Jacki Bishop’s uncle had complex needs, was in hospital 50 miles away and needed a nursing home place. Jacki describes why our help was crucial.

Jacki & Paul Bishop Find A Nursing Home

“Uncle Albert is 96 and has paranoid schizophrenia, epilepsy and advanced vascular dementia. He is incredibly independent and until recently, was living in his own home in Portsmouth.

Albert never married, but lived with his sister until she died four years ago. At that stage, we took responsibility for Albert, as no-one else in the family was able/willing to do so. It proved very difficult as Albert’s condition started to deteriorate.

About ten times during the four years, we arranged home care for Albert, which fell apart because he frequently wouldn’t let carers into his house and in the early stages, when he was capable, would cancel the care package. He wasn’t managing on his own though and would call me up to ten times a day and call the police up to five times a day because he was suffering so much from paranoia.

We live in Guildford, Albert is in Southampton, so it was a round trip of 100 miles to see him. I have two A4 sheets of paper full of contacts who have been involved in Albert’s care – social workers, community mental health teams, hospital staff, GPs, carers and pharmacists and not a single one of them was communicating with any of the others.

From February, things rapidly went downhill for Albert, who was in and out of hospital with two failed discharges. Every time the phone went, my stomach would churn anticipating something else had gone wrong. At a Best Interests meeting in March, we were told Albert should have one more chance to live at home and if that did not work he would have to go to a nursing home.

We felt that was already the case but didn’t know where to start. We explained that we were doing everything we possibly could, but didn’t have the capacity or knowledge to take on the responsibility of finding a home. Nevertheless, I was handed a book listing different care homes and told to apply for Deputyship.

After the second failed discharge and a period in hospital during May and June, we agreed that Albert couldn’t return to living in his own home and we were told we needed to find a nursing home for him. I am the carer for my mother, I work and we have other family members who need support and we live in a different part of the country. I felt utterly desperate and overwhelmed and explained I could not do it.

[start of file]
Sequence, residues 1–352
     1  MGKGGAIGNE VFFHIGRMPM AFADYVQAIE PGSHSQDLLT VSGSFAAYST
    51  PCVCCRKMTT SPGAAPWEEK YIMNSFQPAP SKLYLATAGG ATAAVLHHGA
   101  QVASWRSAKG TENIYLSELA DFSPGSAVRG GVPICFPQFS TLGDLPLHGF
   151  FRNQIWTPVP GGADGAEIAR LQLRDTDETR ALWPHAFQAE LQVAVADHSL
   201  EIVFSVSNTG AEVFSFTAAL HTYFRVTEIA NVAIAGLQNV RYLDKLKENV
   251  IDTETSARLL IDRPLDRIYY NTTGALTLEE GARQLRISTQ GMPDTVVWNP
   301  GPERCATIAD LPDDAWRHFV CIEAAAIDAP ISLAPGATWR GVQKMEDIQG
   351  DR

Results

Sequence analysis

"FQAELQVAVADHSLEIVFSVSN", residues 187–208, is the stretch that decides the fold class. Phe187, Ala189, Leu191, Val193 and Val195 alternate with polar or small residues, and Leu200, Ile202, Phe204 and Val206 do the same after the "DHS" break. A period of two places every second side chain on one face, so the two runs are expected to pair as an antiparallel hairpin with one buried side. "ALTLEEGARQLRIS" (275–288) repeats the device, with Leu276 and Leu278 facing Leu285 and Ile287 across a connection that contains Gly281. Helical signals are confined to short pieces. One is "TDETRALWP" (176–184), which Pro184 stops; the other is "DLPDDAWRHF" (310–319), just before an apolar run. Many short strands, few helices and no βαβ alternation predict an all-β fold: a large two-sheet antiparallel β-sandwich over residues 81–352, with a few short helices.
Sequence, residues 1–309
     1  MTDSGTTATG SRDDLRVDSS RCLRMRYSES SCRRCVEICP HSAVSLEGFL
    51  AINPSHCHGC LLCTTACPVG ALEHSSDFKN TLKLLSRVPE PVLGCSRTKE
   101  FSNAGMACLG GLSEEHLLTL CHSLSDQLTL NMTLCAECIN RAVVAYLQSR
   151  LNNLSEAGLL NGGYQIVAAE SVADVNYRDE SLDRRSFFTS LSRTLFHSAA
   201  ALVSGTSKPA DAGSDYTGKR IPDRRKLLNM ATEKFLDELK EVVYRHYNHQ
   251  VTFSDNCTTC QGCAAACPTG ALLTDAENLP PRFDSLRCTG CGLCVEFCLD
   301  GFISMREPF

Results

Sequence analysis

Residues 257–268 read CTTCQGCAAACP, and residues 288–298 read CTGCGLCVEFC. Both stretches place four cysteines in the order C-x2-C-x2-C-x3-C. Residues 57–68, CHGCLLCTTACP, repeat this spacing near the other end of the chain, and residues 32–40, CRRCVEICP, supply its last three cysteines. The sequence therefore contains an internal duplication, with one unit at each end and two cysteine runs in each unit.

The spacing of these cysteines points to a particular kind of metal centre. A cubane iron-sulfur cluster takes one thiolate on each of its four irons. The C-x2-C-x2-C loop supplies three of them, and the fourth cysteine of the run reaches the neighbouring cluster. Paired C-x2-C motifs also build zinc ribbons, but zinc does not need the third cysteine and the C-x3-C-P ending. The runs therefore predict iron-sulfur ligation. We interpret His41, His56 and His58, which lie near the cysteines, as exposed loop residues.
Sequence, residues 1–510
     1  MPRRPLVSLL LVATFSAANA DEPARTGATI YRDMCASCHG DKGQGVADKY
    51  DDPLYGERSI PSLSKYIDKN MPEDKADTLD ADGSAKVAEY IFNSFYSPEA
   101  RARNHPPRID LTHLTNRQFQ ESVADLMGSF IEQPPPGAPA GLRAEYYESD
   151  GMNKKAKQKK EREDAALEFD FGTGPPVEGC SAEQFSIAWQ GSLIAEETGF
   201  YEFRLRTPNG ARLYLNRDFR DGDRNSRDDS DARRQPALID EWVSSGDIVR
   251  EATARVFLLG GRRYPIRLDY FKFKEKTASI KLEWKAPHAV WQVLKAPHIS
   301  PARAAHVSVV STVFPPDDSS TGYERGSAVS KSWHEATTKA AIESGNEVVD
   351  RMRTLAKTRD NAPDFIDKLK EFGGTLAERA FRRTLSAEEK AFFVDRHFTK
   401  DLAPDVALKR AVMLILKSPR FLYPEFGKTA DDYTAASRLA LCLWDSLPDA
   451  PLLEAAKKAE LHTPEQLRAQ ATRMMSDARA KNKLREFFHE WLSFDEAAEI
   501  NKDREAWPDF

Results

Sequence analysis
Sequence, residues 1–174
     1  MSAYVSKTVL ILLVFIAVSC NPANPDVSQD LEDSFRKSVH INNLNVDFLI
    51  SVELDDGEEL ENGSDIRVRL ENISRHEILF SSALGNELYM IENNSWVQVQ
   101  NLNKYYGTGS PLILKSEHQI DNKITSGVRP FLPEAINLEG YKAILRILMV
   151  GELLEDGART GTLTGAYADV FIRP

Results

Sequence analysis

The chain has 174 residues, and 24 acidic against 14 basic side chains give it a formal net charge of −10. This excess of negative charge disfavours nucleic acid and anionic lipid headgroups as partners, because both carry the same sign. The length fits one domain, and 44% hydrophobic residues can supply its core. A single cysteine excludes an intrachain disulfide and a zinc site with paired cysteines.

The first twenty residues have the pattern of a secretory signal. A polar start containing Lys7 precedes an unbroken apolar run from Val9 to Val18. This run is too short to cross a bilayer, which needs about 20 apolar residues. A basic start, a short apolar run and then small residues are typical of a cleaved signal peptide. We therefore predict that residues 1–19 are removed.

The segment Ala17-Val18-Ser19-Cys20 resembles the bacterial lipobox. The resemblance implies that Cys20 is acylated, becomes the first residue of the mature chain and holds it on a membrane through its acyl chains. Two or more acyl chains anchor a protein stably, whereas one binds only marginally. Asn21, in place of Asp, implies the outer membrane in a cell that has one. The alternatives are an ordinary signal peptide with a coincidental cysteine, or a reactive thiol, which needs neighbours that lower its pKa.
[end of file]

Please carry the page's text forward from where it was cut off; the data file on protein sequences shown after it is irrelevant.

The next day, I got a phone call from an adviser called Bob who introduced himself and said he understood my Uncle needed a place in a nursing home. We had a good discussion about Albert and his needs and Bob said he would find some homes which were suitable for him and had vacancies.

Bob came back to me and explained he had called 30 nursing homes and found three that were suitable. He asked whether I would like to look at them and whether I would like him to accompany me. I said yes and it turned out to be enormously helpful having him with mee. Going with him took away the stress of having to locate the nursing homes and if I forgot questions, he would ask them.

It was really useful too because the three homes were completely different. The first was a new, state-of-the-art facility with beautiful rooms. But I couldn’t see Albert there – it felt too isolated and quiet and just not the sort of place he would feel at home. The second home was at the other end of the spectrum, clean but pretty basic and very dementia based. It would have been quite challenging for some visitors, although because I work in healthcare, it didn’t trouble me and of the two, it would have suited Albert more.

We arrived at the third home at lunchtime. As a dietitian, I was pleased to see the food was obviously home cooked and their eggs came from their own chickens. They also had an aviary with canaries as well as hens, kept rabbits and encouraged the residents to help in the garden in any way they were able to. Everyone was very friendly and I was told that residents are encouraged to leave their room and sit and eat in the communal rooms. The residents seemed very settled and similar to Albert in his present condition.